2. The project's most immediate impact has occurred during the course of excavations, which has involved a broad cross-section of the local community. There have also been 5 general talks for the public in other parts of the UK. For each site, there has been an Open Day and public lecture. At L'Eree, 11th September 2011, 180 people visited, including 20 members of Junior Société Guernesiaise. On 14th July 2012 an Open Day on site at An Doirlinn was attended by 60 people. The museum talks in relation to these seasons had audiences of c. 90.In hosting these events, the project engages the general public in aspects of their island's cultural heritage, so contributing to their knowledge and quality of life. Members of local amateur archaeology societies have been invited to take part in the excavations, providing them with an opportunity to develop archaeological skills and experience, and to share their ideas and expertise with the project. Feedback, in the form of questionnaire responses from the talks and Open Days, has been good. In 26 questionnaires collected from the public on Uist in 2012, over 70% indicated that their knowledge of regional prehistory, of the appearance of the Neolithic, and of prehistory in general was transformed by the Open Day and briefing events. Media interest has also been strong, providing a further channel for dissemination and impact. Media reports include:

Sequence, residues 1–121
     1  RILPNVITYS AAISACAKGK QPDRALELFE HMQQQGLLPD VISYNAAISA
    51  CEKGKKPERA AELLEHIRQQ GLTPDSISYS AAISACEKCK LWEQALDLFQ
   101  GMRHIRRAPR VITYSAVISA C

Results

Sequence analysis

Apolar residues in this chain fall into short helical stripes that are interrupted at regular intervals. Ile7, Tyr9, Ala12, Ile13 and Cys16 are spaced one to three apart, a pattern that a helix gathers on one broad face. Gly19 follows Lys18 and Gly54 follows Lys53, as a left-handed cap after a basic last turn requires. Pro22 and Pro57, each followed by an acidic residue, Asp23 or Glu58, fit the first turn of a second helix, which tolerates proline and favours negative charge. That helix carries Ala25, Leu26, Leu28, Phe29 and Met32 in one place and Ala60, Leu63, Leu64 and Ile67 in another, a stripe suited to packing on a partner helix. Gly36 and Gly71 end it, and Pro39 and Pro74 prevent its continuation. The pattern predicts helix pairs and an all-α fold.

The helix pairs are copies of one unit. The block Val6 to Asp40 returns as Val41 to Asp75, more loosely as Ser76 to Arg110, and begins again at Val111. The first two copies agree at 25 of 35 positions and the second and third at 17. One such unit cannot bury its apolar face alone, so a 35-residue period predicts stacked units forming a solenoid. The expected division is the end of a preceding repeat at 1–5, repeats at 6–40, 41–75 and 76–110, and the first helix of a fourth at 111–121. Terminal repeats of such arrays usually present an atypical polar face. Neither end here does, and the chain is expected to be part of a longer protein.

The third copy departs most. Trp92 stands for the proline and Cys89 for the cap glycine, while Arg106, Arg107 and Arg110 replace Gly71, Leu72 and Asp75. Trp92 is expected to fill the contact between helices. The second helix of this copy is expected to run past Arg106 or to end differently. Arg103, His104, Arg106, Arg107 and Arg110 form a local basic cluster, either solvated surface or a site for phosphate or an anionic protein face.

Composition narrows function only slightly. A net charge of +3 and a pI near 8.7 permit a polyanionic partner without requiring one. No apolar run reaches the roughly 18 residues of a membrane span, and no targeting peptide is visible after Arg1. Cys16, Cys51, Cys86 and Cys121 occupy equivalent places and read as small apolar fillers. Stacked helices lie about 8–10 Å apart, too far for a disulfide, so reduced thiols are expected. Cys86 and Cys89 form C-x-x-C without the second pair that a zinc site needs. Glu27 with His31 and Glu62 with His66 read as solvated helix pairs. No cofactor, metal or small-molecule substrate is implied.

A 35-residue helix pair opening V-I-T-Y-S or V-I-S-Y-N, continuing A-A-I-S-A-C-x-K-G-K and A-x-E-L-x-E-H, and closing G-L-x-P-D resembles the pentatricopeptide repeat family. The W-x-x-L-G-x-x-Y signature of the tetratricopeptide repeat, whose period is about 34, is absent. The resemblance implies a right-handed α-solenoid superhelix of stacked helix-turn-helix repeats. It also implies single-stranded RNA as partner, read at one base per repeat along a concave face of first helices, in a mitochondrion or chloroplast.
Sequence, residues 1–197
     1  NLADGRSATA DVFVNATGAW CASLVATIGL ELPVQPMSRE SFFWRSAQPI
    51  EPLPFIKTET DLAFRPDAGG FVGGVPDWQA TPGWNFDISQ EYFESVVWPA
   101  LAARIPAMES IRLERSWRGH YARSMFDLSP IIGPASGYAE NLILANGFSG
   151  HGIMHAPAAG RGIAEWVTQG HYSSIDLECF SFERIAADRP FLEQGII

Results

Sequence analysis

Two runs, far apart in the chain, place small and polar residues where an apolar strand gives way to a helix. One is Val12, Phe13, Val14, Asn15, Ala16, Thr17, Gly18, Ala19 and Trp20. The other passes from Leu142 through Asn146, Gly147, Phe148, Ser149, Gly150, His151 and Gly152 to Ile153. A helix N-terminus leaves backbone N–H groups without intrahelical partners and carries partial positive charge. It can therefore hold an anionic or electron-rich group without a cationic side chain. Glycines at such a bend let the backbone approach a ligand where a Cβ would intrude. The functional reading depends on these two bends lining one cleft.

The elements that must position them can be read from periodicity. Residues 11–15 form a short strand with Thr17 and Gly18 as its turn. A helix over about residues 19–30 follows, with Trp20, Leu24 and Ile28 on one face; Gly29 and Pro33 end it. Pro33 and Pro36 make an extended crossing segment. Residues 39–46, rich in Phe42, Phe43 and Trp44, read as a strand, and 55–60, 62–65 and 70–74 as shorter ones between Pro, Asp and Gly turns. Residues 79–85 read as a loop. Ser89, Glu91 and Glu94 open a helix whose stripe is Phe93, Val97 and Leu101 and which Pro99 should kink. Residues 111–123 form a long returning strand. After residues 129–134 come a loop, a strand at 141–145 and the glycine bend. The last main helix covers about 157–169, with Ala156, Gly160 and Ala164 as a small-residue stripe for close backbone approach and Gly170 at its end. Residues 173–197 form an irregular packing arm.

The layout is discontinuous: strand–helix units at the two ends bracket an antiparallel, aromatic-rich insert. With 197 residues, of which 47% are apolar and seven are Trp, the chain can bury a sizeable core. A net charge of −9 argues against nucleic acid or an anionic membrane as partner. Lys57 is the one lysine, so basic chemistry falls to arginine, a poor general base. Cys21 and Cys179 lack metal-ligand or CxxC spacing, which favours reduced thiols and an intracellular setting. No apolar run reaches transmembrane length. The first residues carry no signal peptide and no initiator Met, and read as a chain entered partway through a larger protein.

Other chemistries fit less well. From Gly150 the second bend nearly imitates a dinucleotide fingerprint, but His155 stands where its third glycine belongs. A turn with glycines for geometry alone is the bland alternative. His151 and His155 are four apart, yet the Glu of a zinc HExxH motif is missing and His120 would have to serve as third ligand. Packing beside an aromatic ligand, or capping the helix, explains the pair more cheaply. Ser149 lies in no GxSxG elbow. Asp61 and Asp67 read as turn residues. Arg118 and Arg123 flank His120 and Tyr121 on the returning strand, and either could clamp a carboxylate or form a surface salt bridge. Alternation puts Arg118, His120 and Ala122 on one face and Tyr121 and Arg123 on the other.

TV and Radio:
Wednesday 31st August 2011- 3 minute appearance on the Jim Cathcart morning show, BBC Radio Guernsey. 22,000 listeners per week.
26th September 2011 4.20 pm - BBC Radio Solent.
Tuesday 10th July 2012, 8pm - 2 min report (with interview) on our excavations at An Doirlinn on BBC Alba TV news (the BBC's Gaelic channel average audience of 50,000)
Monday 16th July 2012 - 2 min TV report on the `Frankenstein mummies from Cladh Hallan' also included a piece on our excavations at An Doirlinn and an interview with Fraser Sturt on STV
News articles:
Saturday 3rd September 2011 - half-page article in The Guernsey Press. The Guernsey Press has a daily circulation of more than 16,000, and is read by some 38,000 people every day, more than 80% of the island's adult population.